Immunological memory can either be in the form of passive short-term memory or active long-term memory. Passive memory is usually short-term, lasting between a few days and several months, and is particularly important for newborn infants, who are given passive memory from maternal antibodies and immune cells before birth. Active immunity is generally long-term and can be acquired by infection followed by B cells and T cells activation, or artificially acquired by vaccines in a process called immunization.
The memory system does have a few flaws. Pathogens that undergo mutation often have different antigens than those known by memory B and T cells, meaning that different strains of the same pathogen can avoid the memory-enhanced immune response. Additionally, the memory cell function enables the development of hypersensitivity disorders, such as allergies and many chronic diseases (like multiple sclerosis or myasthenia gravis). In these cases, memory cells form for an antigen that elicits an immune response without actually being caused by a pathogen, which leads to immune system mediated-damage to the body from mast cell, antibody, or T-cell mediated activities and inflammation.
Types of Adaptive Immunity
The adaptive immune response is mediated by B and T cells and creates immunity memory.
Distinguish between the types of adaptive immunity
- B cells and T cells, the major types of lymphocytes, are very important in the adaptive immune system.
- B cells, type 2 helper T cells, antibodies, mast cells, and eosinophils are involved in the humoral immune response.
- Type 1 helper T cells and cytoxic T-cells are involved in cell-mediated immune response.
- Cytotoxic T cells kill pathogens through release of perforin, granzymes, and proteases, which cause the target cell to undergo apoptosis.
- Antibodies bind to pathogens to opsonize them, neutralize pathogen toxins, and activate the complement complex system. IgE also alerts circulating mast cells and eosinophils of known antigens, which causes a rapid inflammatory response.
- cell-mediated immunity: Adaptive immunity that is not controlled by antibodies and is instead mediated directly by immune cells themselves, most notably type 1 helper T cells and cytotoxic T-cells.
- humoral immunity: Adaptive immunity that refers to antigen-specific components flowing through the plasma, such as antibodies, their function, and the cells that produce them.
The adaptive immune system mounts a stronger, antigen-specific immune response after the innate immune response fails to prevent a pathogen from causing an infection. There are two subdivisions of the adaptive immune system: cell-mediated immunity and humoral immunity.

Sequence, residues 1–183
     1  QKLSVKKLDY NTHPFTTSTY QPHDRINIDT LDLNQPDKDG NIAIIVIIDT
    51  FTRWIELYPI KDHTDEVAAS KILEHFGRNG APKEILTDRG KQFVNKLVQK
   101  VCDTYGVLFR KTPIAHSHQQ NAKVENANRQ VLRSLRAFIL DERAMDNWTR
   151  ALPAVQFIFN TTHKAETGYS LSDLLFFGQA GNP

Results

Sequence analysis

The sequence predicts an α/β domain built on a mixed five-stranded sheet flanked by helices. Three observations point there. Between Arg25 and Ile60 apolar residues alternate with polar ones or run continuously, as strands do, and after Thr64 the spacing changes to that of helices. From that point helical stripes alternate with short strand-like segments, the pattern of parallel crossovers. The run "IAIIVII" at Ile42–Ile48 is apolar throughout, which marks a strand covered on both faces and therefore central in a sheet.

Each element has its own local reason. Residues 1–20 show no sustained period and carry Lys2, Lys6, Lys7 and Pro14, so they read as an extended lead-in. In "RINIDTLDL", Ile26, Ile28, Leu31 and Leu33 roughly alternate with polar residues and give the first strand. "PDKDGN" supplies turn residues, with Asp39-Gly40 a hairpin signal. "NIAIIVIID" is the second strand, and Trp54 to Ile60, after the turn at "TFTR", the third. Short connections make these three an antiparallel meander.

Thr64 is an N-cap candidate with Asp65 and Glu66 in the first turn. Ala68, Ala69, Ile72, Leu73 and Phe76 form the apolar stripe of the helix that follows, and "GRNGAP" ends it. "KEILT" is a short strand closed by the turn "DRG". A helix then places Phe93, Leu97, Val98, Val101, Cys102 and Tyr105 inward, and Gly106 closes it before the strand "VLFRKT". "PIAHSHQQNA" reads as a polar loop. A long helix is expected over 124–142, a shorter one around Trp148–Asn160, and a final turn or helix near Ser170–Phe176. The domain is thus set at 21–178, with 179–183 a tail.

Cell mediated immunity is controlled by type 1 helper T cells (Th1) and cytotoxic T cells. These cells are activated by antigen-presenting cells, which causes them to rapidly mature into forms specific to that antigen. T cells then circulate through the body to destroy pathogens in several ways. Helper T cells facilitate the immune response by guiding cytotoxic T cells to pathogens or pathogen-infected cells, which they will then destroy.
Cytotoxic T cells kill pathogens in several ways, including the release of granules that contain the cytotoxins perforin and granzyme, which lyse small pores in the membrane of a pathogen. Then T-cell produced proteases enter the pathogen and induce an apoptosis response within the cell. Helper T cells secrete cytokines such as interferon-gamma, which can activate cytotoxic T cells and macrophages.
Humoral immunity refers to the component of the adaptive immune response that is caused by B cells, antibodies, and type 2 helper T cells (Th2), as well as circulating mast cells and eosinophils to a lesser extent. Its name comes from the idea that blood is one of the humors of the body, since antibodies provide passive or active immunity through circulation in the bloodstream.
Type 2 helper T cells are included in the humoral immune system because they present antigens to immature B-cells, which undergo proliferation to become specific to the presented antigen. The B cells then rapidly produce a large number of antibodies that circulate through the body’s plasma.
Antibodies provide a number of functions in humoral immunity. Six different classes of antibodies provide distinct functions and interact with different cells in the immune system. All antibodies bind to pathogens to opsonize them, which makes it easier for phagocytic cells to bind to and destroy the pathogen. They also neutralize the toxins produced by certain pathogens and provide complement pathway activation, in which circulating proteins are combined in a complex cascade that forms a membrane attack complex on a pathogen cell membrane, which lyses the cell.